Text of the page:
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Why India’s Snake Charming Jobs Are Disappearing

Small artisans often can’t compete with globalization.

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Rajeshwar Halder is a cotton-candy seller, also known as a burirchul wallah, in West Bengal. He earns about $15 a week.
This story appears in the December 2017 issue of National Geographic magazine.

The snake charmer. The yarn threader. The broommaker. Traditional jobs in India can be as varied and distinctive as the country’s bright colors and rich flavors. That occupational diversity is on display in “Marginal Trades,” photographer Supranav Dash’s portrait series showcasing people at work, primarily in West Bengal and Uttar Pradesh.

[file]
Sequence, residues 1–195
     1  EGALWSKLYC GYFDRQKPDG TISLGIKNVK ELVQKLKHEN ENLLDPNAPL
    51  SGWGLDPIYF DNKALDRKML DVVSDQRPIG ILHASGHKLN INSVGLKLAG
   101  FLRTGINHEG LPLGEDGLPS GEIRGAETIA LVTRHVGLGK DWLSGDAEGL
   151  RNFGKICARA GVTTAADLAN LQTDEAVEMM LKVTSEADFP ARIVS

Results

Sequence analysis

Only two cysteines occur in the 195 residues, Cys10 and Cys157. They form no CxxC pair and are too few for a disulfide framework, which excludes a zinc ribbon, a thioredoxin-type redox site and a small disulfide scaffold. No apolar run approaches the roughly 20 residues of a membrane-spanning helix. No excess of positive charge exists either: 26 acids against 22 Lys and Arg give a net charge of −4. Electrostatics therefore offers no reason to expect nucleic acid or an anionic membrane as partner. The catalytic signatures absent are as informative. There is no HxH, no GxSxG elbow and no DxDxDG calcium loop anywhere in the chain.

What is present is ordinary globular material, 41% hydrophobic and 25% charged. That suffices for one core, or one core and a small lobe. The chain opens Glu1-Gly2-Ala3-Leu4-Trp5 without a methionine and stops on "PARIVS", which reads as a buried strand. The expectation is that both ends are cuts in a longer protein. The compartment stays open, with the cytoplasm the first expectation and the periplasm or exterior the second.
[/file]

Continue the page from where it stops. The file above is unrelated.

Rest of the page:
The jobs Dash portrays—making sweets, for example, or cow-dung cakes for fuel—are vanishing, and with them goes a social hierarchy that’s held for centuries. For many people in India, the caste system has long determined one’s occupation. But now that public discrimination based on caste has been banned, Dash sees more young people ignoring caste-based limitations, including restrictions on what livelihoods they can pursue. “They just don’t seem to care,” says Dash, who grew up in Kolkata.

Many of the workers whose trades are waning—especially artisans—are at the mercy of economic as well as cultural forces. “The major threat to crafts and traditional jobs is technology,” says Indian economist Shyam Sundar. Cups once made by hand can be mass-produced from plastic. Individual goldsmiths can’t compete with newly built factories.

“What you hear a lot from artists and crafters is that they know their kids will not continue their work,” says Sundar. “They say, ‘My craft will end with me.’ ”



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